air_show

elementary my dear baxter
Ok ok here's a thing that's been on my mind, a criticism if you will. Not game-ruining but at the very least, noticeable, on my end. And it's that I don't feel like anything in the game feels as big as they're supposed to. Like I watched a youtube video displaying the actual scale of the creatures you encounter and a lot of them are way bigger than I perceive in game. The acid farting seacows seem like big dogs. They're more like buffalo. The rabbit ray is this cute little bunny sized critter. Naw man, that's the big dog. The reapers, motherfuckers are bigger than blue whales! That's "swallow you whole and you can do NOTHING to stop it" big! So why don't I feel THAT level of size terror when I encounter them? They're certainly very very large things that are very very scary. But it's an "Oh god it's going to bite me in half!" scary not a "Jesus god no oh fuck I'm a tiny helpless speck" scary. And it should be.

My best theory so far is that something about the FOV and the way your arms and legs look drifting in the water aren't necessarily making the creatures feel smaller, but it's making me feel bigger. Like when one of these creatures is in front of me they really should be taking up a lot more of my view but the camera in relation to my sense of place in the world is pulled further back. It makes for prettier screenshots but less of a sense of being a tiny fragile being.

It makes me really, really, dread and be curious about whether playing the game in VR fixes this problem.
 

air_show

elementary my dear baxter
Should also note that at least the terrain and enormity of the void even in places that aren't literally The Void definitely do fill me with existential terror so mission accomplished there.
 

Purple

(She/Her)
Yeah, that's a very common issue.

Also a huge cyclops tip: When piloting, switch to the cameras. Specifically the keel camera I think it was. You basically have the view from the bottom, which is most likely the part you're going to wang into literally everything.
 

air_show

elementary my dear baxter
I didn't even know there were cameras to switch to. I'll keep that in mind. I only just learned that C is the descend key as I had to look it up last night to figure out how to make the sub go deeper. I'm gonna have to craft like a jillion upgrades for this thing because I got it so late-game.
 
Ok ok here's a thing that's been on my mind, a criticism if you will. Not game-ruining but at the very least, noticeable, on my end. And it's that I don't feel like anything in the game feels as big as they're supposed to. Like I watched a youtube video displaying the actual scale of the creatures you encounter and a lot of them are way bigger than I perceive in game. The acid farting seacows seem like big dogs. They're more like buffalo. The rabbit ray is this cute little bunny sized critter. Naw man, that's the big dog. The reapers, motherfuckers are bigger than blue whales! That's "swallow you whole and you can do NOTHING to stop it" big! So why don't I feel THAT level of size terror when I encounter them? They're certainly very very large things that are very very scary. But it's an "Oh god it's going to bite me in half!" scary not a "Jesus god no oh fuck I'm a tiny helpless speck" scary. And it should be.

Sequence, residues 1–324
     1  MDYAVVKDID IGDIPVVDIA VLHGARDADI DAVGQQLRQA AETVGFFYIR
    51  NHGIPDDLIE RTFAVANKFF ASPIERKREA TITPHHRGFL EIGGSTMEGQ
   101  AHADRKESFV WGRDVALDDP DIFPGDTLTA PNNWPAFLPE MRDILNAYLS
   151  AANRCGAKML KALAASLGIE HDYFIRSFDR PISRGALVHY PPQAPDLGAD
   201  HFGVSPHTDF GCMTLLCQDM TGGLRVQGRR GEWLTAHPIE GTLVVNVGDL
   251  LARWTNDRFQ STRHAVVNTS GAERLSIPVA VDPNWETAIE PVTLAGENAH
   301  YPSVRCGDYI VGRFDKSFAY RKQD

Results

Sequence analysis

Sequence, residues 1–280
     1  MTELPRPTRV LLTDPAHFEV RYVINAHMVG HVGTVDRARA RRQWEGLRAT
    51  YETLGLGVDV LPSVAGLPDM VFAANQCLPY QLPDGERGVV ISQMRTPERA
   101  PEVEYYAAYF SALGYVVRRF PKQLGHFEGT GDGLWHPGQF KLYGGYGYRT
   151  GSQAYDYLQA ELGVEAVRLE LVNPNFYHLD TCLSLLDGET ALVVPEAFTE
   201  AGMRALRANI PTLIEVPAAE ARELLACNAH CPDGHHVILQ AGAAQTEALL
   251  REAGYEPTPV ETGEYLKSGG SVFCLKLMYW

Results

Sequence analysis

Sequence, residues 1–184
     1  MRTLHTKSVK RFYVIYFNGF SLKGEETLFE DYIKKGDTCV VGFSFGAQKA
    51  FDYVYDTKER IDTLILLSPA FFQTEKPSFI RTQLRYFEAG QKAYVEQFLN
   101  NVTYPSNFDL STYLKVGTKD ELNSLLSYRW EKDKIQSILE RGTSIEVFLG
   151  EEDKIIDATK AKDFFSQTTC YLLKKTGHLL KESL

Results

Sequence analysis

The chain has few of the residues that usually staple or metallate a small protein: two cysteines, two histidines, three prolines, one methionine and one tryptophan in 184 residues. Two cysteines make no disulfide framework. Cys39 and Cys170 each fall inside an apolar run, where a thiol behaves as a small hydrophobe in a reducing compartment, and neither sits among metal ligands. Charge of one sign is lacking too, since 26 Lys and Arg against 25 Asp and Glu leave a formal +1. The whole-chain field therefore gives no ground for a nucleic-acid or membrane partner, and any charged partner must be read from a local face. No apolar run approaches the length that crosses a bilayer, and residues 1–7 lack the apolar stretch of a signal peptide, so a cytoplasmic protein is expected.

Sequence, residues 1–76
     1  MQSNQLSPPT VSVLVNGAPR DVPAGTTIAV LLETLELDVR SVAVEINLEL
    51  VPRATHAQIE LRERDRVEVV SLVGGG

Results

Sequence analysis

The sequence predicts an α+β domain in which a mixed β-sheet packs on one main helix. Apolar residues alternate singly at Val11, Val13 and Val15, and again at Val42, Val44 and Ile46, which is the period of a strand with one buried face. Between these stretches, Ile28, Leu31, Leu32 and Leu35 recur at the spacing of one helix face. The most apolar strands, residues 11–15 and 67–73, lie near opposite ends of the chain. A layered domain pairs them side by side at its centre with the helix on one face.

My best theory so far is that something about the FOV and the way your arms and legs look drifting in the water aren't necessarily making the creatures feel smaller, but it's making me feel bigger. Like when one of these creatures is in front of me they really should be taking up a lot more of my view but the camera in relation to my sense of place in the world is pulled further back. It makes for prettier screenshots but less of a sense of being a tiny fragile being.

It makes me really, really, dread and be curious about whether playing the game in VR fixes this problem.
This is one reason I love the game in VR. The scale really comes out.
 

MCBanjoMike

Infamous third lava dolphin
(He/him)
God, someday I'm going to play this game in VR and die of a heart attack. It will be glorious.
 

ThricebornPhoenix

involved in mankind
(he/him)
And it's that I don't feel like anything in the game feels as big as they're supposed to.
I think it's a testament to the rest of the game's presentation that despite everything looking much smaller than actual size, some of the predators are more frightening than they are actually dangerous.
 

air_show

elementary my dear baxter
I simultaneously like and dislike the inventory system. I actually like that nothing stacks, it feels like it keeps the recipes simple and straightforward. But running around from locker to locker and/or having to meticulously catalogue and label everything in separate lockers can get awfully tedious after a while. It would have been like, the biggest galaxy brain idea to make it so replicators can pull from any container on the same base as them, or make that ability an upgrade you can pursue. It would save SO much time when crafting more complicated objects, and make managing all the stuff you drill up simpler to store and use.